The purpose of our study was to determine what, if any, action was taken by patients after being screened for osteoporosis. 
Methods
We undertook a telephone-based follow-up survey of postmenopausal women who had participated in a large community-based osteoporosis screening project that was conducted by our group.9 Subjects were from the general public and self-referred when the screening was made available at local senior centers, living facilities, and health fairs. The original study was conducted to increase access to BMD testing in the elderly population. Bone mineral density testing and counseling on osteoporosis and osteopenia were provided to 635 female residents of senior facilities from January through December 1999. Screening was conducted using DEXA. Patients were assessed for risk, screened for BMD, and referred for follow-up care. In addition to diagnostic assessment, patients received lifestyle counseling, recommendations for calcium intake, and recommendations for follow-up with their primary care physicians for treatment or prevention practices. 
Between August and November 2001, we conducted a follow-up study of the community-based screening project, approved by the institutional review board of Synergy Medical Education Alliance (Saginaw, Mich). We contacted subjects by telephone to obtain current information on their progress since the screening. The present study focused on the postmenopausal women who were found to have either normal or low BMD based on the following t score classifications of low BMD from the World Health Organization11: 
  • normal BMD: ≥1
  • osteopenia: <–1 to >–2.5
  • osteoporosis: ≤–2.5
We categorized the women into two groups according to their screening results: normal BMD and low BMD (ostopenia or osteoporosis). Questions assessed whether the participants had engaged in any osteoporosis treatment or prevention practices since receiving the screening results, including use of over-the-counter calcium supplements, physician-prescribed medications (alendronate sodium, calcitonin, hormone replacement therapy [HRT], and selective estrogen receptor modulators), and dairy intake and exercise. We compared the data from the initial screening project with the data collected during the follow-up survey. (There were no baseline data on dairy intake and exercise.) Data were analyzed using a Pearson χ2 test to determine the significance of differences in nominal data between proportions of two groups.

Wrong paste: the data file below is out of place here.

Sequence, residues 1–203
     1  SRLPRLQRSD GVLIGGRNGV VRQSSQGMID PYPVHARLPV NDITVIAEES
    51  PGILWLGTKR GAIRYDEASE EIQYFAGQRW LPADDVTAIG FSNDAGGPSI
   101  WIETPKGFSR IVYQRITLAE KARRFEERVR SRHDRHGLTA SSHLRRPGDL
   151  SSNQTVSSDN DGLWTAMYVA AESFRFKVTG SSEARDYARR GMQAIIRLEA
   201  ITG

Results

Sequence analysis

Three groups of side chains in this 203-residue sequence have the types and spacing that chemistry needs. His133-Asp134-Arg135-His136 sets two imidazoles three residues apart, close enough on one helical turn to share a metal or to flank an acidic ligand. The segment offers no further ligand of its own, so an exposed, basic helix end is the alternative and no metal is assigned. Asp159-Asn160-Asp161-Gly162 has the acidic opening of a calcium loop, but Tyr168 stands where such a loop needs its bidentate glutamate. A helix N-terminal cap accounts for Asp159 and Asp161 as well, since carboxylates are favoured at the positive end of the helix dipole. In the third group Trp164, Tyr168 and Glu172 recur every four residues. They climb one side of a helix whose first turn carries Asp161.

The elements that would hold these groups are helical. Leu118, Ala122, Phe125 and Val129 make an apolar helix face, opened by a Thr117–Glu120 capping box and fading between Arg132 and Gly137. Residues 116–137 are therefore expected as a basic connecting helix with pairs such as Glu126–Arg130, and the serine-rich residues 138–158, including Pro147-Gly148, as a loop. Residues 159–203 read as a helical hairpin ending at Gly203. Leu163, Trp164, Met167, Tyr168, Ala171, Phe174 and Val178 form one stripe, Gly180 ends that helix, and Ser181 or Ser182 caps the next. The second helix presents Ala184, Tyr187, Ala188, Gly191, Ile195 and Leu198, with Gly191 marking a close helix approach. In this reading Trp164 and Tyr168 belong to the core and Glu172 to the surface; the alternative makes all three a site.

Results
A follow-up telephone survey was administered to 234 older women (age range, 59-86 years; mean, 74.9 years) who participated in the initial BMD screening program. We were able to obtain status and follow-up information for 219 of the 234 women. The normal BMD group comprised 77 (35.2%) women, and the low BMD group comprised 142 (64.8%) women. 
Women With Normal Bone Mineral Density
In the group with normal BMD, there was a statistically significant increase in calcium supplement use (P=.002), from 28 (37%) taking calcium supplements before the screening to 47 (61.6%) taking them after the screening. The use of HRT decreased, but the decrease was not significant (24 [30.7%] before screening vs 17 [22.7%] after screening; P=.07). There was no significant difference in the number of women using alendronate, calcitonin, and selective estrogen receptor modulators before and after screening. With regard to exercise and dairy intake, though we did not have baseline data for comparison, as noted, 30 (39%) women reported an increase in exercise, and 12 (15.5%) reported an increase in dairy intake since the screening (Figure 1). 
Women With Low Bone Mineral Density
As in the group with normal BMD, there was a significant increase in the use of calcium supplements in women with low BMD (64 [45.4%] vs 111 [78.5%]; P=.001). The decrease in HRT use in this group was statistically significant (30 [21%] vs 9 [6.3%]; P=.003). There was no significant difference in the number of women using alendronate, calcitonin, and selective estrogen receptor modulators before and after screening. Finally, 44 (31%) women in this group reported an increase in exercise, and 33 (23%) reported an increase in dairy intake (Figure 2).